David Cameron’s retreat from the easy rhetoric of opposition and of his early days in No 10 would be fun to mock if it were not so serious. Seeking to appease David Davis, his leadership rival, and to ingratiate himself with Liberal Democrat voters, he joined the fashionable whinge against Labour for “curtailing civil liberties”.
In government, to appease his coalition partners, he and Theresa May, his Home Secretary, weakened control orders, used to keep under surveillance terrorist suspects who cannot be brought to court. This week, the escape in a burqa of a suspect forced May and Cameron to come to the House of Commons to defend their new, weaker Terrorism Prevention and Investigation Measures (TPIMs).
Their most convincing defence was that control orders were being “hacked away by the courts”, which is what Cameron said at Prime Minister’s Questions yesterday, and so had to be replaced anyway.
However, I have just caught up with the article by Pat McFadden, the Labour MP who asked Cameron the question, on Labour List yesterday, in which he points out:
"Anyone reading the statement made by Theresa May introducing TPIMs (the replacement for control orders) back in January 2011 will not find a mention of a reluctant government being forced to water down a regime it wanted to keep. Instead she said the previous regime was 'excessive and unnecessary'. She boasted that the new measured would have a two year maximum time limit 'which will clearly demonstrate that these are targeted, temporary measures' and that 'individuals will have greater access to communications, including to a mobile phone and to a home computer'. And she rounded off her statement declaring that this new regime would 'restore our civil liberties'."
The Prime Minister’s other defence of the weaker regime was that, although two suspects have escaped it, seven suspects had escaped under the control order regime. This turns out to be an argument against the Government’s policy. The seven who escaped did so before control orders were strengthened to give the authorities the power to relocate suspects. McFadden again:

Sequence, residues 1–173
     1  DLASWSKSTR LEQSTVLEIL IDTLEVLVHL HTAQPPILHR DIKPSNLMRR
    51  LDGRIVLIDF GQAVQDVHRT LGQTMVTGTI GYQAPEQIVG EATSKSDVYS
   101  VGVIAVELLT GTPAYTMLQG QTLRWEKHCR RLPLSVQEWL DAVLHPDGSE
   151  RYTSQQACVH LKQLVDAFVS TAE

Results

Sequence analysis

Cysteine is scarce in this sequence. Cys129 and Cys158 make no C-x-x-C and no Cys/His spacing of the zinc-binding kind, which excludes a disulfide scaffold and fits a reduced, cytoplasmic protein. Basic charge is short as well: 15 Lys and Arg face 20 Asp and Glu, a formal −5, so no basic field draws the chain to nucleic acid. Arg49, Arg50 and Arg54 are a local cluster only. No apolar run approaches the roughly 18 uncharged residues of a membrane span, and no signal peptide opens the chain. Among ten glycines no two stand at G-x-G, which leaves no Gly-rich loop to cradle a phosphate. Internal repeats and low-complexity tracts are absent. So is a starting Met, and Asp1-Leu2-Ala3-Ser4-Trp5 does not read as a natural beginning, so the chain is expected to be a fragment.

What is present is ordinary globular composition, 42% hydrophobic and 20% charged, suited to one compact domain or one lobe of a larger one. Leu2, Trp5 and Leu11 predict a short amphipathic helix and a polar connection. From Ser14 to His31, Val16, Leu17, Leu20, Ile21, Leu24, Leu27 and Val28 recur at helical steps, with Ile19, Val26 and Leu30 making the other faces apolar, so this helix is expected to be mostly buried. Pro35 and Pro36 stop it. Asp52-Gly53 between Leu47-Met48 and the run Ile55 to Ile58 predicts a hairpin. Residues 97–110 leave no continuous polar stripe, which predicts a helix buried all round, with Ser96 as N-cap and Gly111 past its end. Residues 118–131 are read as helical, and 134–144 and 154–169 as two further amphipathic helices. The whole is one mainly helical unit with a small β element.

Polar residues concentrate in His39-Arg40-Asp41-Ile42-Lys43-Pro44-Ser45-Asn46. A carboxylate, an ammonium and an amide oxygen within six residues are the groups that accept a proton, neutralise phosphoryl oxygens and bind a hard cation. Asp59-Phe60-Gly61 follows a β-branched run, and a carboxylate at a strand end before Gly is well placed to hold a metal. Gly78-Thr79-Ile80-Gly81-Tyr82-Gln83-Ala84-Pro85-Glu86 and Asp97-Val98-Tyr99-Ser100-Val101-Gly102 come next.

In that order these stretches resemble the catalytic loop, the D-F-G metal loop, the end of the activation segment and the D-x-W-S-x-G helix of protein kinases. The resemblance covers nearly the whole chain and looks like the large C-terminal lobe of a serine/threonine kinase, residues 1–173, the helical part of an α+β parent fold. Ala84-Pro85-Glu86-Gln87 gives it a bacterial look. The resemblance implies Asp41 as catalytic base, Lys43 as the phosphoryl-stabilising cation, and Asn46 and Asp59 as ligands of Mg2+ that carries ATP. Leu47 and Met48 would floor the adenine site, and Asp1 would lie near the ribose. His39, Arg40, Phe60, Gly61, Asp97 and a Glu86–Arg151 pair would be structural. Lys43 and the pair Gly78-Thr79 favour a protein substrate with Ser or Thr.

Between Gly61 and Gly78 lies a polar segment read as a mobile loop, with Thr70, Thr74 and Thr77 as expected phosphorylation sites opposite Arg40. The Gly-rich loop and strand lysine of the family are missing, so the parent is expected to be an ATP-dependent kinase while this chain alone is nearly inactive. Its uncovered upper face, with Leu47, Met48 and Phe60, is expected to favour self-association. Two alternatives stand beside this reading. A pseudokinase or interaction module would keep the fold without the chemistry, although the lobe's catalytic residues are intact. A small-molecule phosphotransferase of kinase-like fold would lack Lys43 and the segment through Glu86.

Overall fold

"In the five years in which relocation powers were used under the previous Government’s control orders, no suspects escaped. Under the new, weaker regime, two have escaped in 10 months."
Nor is that all. As McFadden points out, perhaps the most serious weakening of the regime to constrain terrorist suspects is their expiry after two years:
"Ministers chose to put a sunset clause into the TPIM regime meaning that all the orders would lapse after two years unless new evidence came forward. Never mind that the old evidence may still be highly relevant. The practical effect of this sunset clause is that, in January, most remaining TPIMs lapse and the controls on potentially highly dangerous suspects are weakened further. So as a result of a deliberate, unforced Government decision – not a court decision – suspects which the state has deemed worthy of restriction and close monitoring for years will have that regime lifted."
TPIMs are imposed on people who are considered dangerous. These are not, as McFadden says, “just people who have made some hard line speeches or viewed a few unsavoury websites”. The independent reviewer of terrorism legislation, David Anderson, described them as being at “the highest end of seriousness”. It is hard to disagree with McFadden that the Prime Minister and Home Secretary are failing in their first duty, which is to keep the British people safe.